12 Jul 2008 6:22 pm   //   Filed under: Music, Technology

Today’s history obsession: Scopitones!

Scopitone vintage ad

Suddenly, I’m obsessed with finding a Scopitone machine.

What was the Scopitone? It was one of those splendid electro-mechanical clunkers that people relied on for entertainment in the pre-digital world. Scopitone was one of several brands of European-made jukeboxes that played 16mm films on a built-in screen, kind of like an early version of MTV. They appeared in bars in the 1960s and had apparently vanshied by the end of the decade.

I’m sure the machine was a marvel itself, but oh the videos! Think Leslie Gore, Bobby Vee, French pop music and burlesque striptease. The Scopitone films are saturated with jiggling girls, barely rehearsed dance numbers, and vivid tertiary colors. The surviving recordings, at least the ones you can find on YouTube, will haunt you with their warm, analog sound.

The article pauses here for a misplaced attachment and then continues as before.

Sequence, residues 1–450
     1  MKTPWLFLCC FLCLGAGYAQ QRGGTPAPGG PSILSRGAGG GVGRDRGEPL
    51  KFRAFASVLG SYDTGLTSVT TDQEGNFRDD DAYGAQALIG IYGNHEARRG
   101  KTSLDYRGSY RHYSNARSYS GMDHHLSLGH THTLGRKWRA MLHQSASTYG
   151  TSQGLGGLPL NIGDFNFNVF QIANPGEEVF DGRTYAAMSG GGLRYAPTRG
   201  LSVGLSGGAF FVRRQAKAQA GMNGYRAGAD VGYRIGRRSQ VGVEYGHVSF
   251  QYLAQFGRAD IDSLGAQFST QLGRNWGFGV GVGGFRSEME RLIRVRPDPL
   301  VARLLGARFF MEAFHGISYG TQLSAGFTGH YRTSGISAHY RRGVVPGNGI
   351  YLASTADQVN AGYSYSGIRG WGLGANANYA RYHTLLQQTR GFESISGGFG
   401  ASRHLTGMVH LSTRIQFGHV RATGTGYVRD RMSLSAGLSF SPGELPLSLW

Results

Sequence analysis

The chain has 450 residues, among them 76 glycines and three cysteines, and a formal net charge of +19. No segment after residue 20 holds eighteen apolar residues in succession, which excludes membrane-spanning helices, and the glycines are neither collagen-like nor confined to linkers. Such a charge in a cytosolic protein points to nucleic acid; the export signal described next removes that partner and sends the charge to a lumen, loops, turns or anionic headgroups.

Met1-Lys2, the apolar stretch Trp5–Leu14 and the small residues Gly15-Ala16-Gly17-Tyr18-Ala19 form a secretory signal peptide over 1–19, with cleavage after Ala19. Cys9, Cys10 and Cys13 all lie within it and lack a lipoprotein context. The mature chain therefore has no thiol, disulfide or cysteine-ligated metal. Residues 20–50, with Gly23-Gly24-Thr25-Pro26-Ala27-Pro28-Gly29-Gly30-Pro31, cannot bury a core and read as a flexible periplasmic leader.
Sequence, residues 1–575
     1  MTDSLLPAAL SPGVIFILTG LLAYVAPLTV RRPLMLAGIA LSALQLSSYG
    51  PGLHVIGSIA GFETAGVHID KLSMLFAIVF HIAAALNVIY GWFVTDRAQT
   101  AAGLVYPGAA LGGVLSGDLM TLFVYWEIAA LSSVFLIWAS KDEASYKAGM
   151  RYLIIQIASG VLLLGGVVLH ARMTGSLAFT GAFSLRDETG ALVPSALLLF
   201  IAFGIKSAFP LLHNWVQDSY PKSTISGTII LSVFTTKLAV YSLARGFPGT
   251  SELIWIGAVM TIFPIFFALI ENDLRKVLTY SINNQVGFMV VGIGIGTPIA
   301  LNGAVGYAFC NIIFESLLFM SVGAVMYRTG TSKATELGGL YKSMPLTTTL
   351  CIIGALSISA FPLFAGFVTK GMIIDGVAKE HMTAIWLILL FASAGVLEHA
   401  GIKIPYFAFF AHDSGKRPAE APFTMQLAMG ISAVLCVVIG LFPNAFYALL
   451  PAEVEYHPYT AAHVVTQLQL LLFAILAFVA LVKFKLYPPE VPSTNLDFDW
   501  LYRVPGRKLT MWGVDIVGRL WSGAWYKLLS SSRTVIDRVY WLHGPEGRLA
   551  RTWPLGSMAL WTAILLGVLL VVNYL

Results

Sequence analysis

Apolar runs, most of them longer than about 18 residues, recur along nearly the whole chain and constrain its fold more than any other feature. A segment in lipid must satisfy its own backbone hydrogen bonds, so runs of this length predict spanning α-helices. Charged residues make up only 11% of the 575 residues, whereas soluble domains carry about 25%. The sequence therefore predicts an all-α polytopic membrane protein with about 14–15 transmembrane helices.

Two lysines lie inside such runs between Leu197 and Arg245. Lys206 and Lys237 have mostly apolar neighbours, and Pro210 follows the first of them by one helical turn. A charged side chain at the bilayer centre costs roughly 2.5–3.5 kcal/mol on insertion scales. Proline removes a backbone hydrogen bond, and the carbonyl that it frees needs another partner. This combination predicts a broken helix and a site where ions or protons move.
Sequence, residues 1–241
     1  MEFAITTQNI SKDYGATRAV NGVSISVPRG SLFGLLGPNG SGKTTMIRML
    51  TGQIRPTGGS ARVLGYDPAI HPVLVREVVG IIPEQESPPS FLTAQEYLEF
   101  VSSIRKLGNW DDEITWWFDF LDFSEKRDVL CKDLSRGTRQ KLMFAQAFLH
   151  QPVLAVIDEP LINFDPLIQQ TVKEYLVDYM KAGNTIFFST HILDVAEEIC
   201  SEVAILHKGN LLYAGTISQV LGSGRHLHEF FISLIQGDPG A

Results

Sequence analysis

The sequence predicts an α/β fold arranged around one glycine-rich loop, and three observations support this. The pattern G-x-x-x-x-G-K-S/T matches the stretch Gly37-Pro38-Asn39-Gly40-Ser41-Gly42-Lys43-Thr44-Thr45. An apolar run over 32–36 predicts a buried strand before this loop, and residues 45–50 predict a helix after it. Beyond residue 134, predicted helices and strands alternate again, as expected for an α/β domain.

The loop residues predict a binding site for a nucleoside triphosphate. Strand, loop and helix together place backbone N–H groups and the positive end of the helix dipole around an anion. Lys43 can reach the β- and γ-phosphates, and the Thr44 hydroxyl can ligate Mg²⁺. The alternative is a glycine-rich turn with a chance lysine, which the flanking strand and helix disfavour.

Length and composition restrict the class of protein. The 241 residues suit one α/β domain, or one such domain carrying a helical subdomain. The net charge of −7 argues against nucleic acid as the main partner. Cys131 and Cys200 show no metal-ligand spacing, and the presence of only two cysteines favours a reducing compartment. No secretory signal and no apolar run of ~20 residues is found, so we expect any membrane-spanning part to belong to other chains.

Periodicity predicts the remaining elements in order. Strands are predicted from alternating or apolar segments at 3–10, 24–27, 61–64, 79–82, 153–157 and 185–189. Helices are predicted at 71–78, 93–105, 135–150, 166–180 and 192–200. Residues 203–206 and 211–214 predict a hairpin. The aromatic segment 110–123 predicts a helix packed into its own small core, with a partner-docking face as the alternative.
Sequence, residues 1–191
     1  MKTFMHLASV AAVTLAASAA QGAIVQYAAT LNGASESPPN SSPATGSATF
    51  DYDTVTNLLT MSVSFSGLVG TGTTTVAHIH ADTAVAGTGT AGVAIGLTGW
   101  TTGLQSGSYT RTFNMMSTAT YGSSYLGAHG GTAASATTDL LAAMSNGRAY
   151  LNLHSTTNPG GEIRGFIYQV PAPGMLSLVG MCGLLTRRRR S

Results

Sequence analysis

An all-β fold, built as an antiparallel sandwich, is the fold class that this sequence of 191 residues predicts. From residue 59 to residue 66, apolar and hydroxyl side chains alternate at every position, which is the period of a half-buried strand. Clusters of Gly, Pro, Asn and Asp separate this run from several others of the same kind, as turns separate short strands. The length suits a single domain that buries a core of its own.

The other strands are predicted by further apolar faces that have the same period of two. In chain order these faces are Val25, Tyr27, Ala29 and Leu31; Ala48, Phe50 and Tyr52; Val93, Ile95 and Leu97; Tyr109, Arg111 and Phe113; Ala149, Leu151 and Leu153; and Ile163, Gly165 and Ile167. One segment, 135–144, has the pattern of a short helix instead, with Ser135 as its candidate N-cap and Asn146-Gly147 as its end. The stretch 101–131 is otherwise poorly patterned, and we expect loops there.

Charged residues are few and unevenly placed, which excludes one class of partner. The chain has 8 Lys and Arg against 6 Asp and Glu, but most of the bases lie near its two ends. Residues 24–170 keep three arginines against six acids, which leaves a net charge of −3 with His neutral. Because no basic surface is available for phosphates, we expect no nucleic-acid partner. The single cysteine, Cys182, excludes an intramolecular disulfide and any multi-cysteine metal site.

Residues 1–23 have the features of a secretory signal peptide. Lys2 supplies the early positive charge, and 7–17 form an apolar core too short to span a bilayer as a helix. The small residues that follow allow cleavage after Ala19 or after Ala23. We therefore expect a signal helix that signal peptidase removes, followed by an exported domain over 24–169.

Susan Sontag listed Scopitone films as part of the “canon of Camp,” right between Tiffany lamps and The Brown Derby restaurant. Here we have camp in the form of a weird, forgotten collision of culture and technology. I’d love to see a Scopitone machine if one still exists somewhere.

Credits: Info about Scopitone from Wikipedia, Scopitones.com, and the Scopitone Archive, where I found the vintage ad that appears at the top of this post.

I was inspired to look up Scopitone after it was mentioned in this week’s episode of The Venture Bros.